History, gardening and experiments

History was never my strong suit while in high school.  In fact, I remember many classes struggling to keep my eyelids propped open.  I never understood the point other than learning from it so we don’t make the same mistakes twice.  But really…why were we studying this?  How would it ever apply in life?

It wasn’t until I was in college and selected a major that I started to get intrigued by history.   I was a German major my first go around, so I was learning all about German history and was actually interested. Then I decided to study abroad, in Austria.  Naturally my next round of history classes were about Austria.  I found this equally interesting because I would be going there.  I could apply it to something.

Now, I don’t proclaim to have memorized all the details.  I’m more of a big picture person in pretty much every facet of my life.  I couldn’t repeat detail for detail what happened, but I can tell you the overall concept and the impact it made.

Fast forward about 15 years and I went back to school again focusing on Landscaping and Horticulture.  It seemed like a natural fit for me.  I’ve always enjoyed gardening.  I grew up helping in the veggie garden, planting flowers and even “propagating” Hens and Chicks when I was quite young.  I remember being 7 or 8 years old and realizing that if I gently removed the “chicks” from the “hens” and nestled them into open soil, they would begin to grow quite well there.  It wasn’t long before we had a nice crop of them just outside the back door!

I also vividly remember growing my green bean in a cup in elementary school and trying to grow avocados from the pit on numerous occasions.  The excitement I got from this was ridiculous.

Ever since I’ve had a place of my own, I’ve had far more “house plants” (plants I grow that happen to be in the house) than most normal people.  I’m constantly trying to grow something new, just to see if I can. In fact, when I moved out of my apartment (which I shared with a roommate) to our first home, there were 3 pick-up bed loads of plants to move.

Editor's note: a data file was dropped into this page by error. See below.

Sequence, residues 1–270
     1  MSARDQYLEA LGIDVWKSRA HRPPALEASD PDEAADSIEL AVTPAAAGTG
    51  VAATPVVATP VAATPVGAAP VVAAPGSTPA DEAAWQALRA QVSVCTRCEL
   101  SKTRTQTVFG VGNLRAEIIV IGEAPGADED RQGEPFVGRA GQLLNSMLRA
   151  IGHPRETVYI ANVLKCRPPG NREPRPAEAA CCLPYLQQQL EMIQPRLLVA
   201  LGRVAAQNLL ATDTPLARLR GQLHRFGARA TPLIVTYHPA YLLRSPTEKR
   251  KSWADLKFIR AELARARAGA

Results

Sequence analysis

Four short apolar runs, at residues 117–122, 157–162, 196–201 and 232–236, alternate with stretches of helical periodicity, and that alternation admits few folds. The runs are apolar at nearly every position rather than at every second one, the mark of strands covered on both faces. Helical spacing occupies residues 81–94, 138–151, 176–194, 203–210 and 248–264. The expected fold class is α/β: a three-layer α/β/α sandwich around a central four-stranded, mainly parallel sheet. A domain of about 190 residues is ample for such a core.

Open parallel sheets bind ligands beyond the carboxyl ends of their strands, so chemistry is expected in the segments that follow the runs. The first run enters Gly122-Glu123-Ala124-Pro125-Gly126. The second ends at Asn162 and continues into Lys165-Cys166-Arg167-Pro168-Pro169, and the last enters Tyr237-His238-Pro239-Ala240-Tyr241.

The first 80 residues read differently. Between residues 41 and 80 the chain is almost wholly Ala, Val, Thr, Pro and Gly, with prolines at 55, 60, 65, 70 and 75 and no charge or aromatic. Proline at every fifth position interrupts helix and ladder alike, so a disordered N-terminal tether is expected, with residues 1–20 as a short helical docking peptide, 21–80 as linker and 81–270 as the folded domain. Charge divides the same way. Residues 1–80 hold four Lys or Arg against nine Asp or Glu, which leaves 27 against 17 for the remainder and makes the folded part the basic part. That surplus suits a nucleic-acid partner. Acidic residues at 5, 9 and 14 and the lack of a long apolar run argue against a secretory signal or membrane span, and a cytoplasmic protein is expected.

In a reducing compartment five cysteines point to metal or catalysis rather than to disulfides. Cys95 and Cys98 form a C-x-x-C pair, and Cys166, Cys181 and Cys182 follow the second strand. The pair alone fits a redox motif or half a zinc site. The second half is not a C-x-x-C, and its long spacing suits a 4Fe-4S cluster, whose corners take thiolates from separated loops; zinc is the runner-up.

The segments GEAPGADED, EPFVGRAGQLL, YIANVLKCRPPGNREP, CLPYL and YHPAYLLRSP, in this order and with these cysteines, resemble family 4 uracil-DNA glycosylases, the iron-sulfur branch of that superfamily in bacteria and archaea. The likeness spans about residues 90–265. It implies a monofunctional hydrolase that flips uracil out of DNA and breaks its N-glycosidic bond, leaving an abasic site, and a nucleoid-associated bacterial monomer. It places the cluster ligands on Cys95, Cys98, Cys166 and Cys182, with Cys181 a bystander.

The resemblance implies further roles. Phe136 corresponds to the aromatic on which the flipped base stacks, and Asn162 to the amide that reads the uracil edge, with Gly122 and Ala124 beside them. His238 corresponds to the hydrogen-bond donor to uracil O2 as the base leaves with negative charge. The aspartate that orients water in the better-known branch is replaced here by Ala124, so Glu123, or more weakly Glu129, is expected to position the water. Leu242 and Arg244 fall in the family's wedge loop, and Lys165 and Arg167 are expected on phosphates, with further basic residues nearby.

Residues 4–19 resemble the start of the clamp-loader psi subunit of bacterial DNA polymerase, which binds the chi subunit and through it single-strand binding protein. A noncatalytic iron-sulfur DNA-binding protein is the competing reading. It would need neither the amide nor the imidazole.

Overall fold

So you see, I think I’ve been a plant geek pretty much all my life.

How does all of this tie into history?  Well, somewhere around the time that I was thinking about going back to school I went to visit my mom in Washington DC.  She took me to Thomas Jefferson’s Monticello, plantation and gardens. If you ever get the opportunity – go there! It’s by far one of my favorite places. I fell in love.  I think that’s when it hit me that my fascination with plants isn’t so odd, or, if it is, at least I’m in good company.  Learning about Jefferson’s gardens, micro-climates he created to grow olive trees and grapes that never should have survived in Virginia was so inspiring. Again, history had a place for me.

Thanks to Jefferson, I continue to try grow new things all the time.  I’ve now got my own grapes, pears, apples and hardy kiwi not to mention the veggie garden and perennials.  I’m never afraid to try growing something new, that’s how I learn.  Besides, what’s the worst thing that could happen?

My next experiments are going to be an olive tree and date palm (grown from seed) and I recently heard there’s a banana tree hardy to our area.  I just might have to try that too!

Happy experimenting!

Kate

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3 Responses to “History, gardening and experiments”

  1. I’m curious, how do you grow the kiwi?

  2. “At least I’m in good company.” I’m a history guy, and an inept German speaker, and I like plants, and it’s icky outside, and I have a cheery blog to read. Life is good.

    I understand “kiwi” is a marketing term for Chinese Gooseberry. I’d like a blog on plant names that aren’t the plant’s real name.

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